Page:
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Seventh heaven: The Mary McConneloug & Mike Broderick diary 2007
Another MTB 'super-couple', Mary McConneloug and Mike Broderick live together, train together and now share a diary on Cyclingnews. Follow their adventures as they race the world cup circuit in 2007 with Team Kenda/Seven Cycles, doing it in their unique style which has worked so well in the past and hopefully into the future.
July 6, 2007
Euro round up
Mike and I could feel the end of our Euro trip coming fast. Although we really do enjoy the Euro RV travel, the coming of summer in Europe brings staggering crowds to our quiet spring campgrounds and just about everywhere else outdoors as well. Now that schools were starting to get out for the summer, it was starting to feel like time to head back to the States.
Thumbing through our print out of the UCI race calendar, we decided to head back to the Czech republic for a national race just 600km away in Ceska Kamenice. We were looking forward to returning to this beautiful region in northwestern Czech, but were especially drawn since we heard that the race course was going to be technical and fun.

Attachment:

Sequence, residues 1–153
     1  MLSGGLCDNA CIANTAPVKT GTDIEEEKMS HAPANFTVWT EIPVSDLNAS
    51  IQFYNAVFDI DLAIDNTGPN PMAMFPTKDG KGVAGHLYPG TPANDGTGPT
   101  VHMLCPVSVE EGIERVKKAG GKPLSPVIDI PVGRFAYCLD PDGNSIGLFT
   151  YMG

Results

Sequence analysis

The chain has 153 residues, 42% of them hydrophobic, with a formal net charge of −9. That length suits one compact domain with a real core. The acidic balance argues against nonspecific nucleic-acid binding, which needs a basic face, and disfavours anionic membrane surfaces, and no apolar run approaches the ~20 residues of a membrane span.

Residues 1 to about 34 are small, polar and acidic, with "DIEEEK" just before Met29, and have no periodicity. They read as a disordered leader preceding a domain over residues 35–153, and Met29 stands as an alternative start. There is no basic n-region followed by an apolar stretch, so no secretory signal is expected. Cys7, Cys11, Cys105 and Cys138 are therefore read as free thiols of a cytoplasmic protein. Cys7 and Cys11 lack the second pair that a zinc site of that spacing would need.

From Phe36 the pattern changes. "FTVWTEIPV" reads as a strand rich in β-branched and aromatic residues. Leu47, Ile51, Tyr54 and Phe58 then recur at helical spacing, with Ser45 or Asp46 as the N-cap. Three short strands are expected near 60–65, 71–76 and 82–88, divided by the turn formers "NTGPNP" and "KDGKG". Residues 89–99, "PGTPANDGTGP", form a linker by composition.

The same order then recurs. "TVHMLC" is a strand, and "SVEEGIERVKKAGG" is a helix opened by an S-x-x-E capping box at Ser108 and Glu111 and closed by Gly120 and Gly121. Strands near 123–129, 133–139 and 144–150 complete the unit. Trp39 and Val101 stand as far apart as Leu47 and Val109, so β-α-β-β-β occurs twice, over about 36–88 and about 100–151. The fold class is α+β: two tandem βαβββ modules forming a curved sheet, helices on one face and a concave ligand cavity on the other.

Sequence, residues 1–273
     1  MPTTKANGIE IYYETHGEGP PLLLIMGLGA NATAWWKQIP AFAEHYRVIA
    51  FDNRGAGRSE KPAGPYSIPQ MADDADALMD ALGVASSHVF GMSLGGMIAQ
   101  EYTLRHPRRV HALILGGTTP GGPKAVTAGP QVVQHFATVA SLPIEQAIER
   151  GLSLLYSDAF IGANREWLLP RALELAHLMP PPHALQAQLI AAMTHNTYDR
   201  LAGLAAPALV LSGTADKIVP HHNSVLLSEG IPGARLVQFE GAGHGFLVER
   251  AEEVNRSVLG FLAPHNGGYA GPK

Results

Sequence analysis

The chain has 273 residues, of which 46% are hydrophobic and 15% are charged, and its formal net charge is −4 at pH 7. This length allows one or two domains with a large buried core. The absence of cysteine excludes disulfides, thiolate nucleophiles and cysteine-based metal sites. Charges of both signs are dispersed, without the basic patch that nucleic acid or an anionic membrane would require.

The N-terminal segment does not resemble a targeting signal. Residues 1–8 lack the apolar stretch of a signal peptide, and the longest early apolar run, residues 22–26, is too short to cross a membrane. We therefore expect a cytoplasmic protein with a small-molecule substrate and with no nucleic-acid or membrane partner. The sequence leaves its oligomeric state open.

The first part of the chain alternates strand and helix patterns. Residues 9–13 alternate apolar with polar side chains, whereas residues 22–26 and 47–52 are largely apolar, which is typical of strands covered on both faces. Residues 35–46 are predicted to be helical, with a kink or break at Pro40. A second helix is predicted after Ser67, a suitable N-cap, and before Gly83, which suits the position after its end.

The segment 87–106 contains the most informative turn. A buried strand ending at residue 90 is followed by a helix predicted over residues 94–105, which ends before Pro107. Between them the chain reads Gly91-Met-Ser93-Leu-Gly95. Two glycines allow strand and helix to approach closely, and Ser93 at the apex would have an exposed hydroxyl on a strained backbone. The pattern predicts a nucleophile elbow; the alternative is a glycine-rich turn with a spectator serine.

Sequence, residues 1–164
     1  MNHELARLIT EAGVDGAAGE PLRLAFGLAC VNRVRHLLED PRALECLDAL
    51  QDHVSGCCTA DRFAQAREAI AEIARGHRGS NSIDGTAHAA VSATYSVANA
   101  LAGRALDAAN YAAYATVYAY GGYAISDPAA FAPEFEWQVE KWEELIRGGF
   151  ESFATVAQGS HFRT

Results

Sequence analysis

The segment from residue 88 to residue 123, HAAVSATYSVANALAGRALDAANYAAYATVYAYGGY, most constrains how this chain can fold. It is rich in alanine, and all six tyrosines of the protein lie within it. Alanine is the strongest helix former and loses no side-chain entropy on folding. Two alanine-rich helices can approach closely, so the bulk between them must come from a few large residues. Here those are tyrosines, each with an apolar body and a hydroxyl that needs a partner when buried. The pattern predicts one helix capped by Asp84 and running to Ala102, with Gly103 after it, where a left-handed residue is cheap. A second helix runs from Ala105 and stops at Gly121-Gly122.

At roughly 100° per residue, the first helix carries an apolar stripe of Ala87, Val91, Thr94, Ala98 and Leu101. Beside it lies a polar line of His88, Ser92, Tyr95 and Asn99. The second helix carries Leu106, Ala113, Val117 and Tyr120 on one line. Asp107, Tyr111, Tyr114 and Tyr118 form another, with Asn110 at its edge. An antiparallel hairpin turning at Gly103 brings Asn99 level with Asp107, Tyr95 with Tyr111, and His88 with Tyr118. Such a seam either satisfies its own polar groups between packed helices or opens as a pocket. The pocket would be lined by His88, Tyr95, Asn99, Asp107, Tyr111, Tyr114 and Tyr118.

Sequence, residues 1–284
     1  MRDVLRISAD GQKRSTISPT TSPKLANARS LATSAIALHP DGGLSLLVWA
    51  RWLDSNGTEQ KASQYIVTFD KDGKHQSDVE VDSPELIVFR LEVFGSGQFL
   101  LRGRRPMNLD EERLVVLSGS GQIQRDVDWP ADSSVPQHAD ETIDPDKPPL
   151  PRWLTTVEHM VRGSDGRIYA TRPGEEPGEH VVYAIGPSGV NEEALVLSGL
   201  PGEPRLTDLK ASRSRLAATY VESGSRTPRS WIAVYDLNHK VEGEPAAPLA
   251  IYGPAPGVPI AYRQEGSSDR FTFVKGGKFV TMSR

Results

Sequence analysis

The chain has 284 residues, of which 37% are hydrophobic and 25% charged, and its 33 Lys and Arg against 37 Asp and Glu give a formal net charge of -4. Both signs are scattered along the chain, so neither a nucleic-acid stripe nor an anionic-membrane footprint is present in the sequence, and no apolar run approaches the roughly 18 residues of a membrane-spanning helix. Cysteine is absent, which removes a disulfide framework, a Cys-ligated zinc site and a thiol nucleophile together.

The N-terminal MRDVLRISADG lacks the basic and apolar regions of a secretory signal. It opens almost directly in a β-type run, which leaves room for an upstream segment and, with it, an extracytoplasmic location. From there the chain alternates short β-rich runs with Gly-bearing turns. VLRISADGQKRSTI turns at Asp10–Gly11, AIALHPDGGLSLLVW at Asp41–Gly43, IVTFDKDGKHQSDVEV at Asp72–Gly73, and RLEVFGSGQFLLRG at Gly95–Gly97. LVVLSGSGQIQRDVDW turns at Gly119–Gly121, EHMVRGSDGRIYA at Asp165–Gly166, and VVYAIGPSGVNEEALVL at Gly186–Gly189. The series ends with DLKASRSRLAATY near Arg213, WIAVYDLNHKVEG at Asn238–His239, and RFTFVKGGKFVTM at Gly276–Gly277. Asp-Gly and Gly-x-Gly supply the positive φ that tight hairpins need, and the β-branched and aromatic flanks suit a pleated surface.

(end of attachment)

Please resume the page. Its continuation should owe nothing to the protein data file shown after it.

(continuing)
The massive hemotoma covering my right quad was healing quite nicely mostly since I had been focusing the majority of my energy on a regimen of icing, elevating, massaging, changing bandages, and light spinning. The swelling was dissipating but as race day approached, it was clearly still not right. I needed more time to heal to be ready for the next World Cup in Switzerland now just ten days off. It was difficult to refrain from racing since I knew I could push myself to compete at the lightly attended race and still have a good shot at the podium even with my injury, but after checking out a lap I knew racing here would not be a good idea. I was resolved to rest, take my first weekend off in six weeks and enjoy the day supporting Mike from the feed zone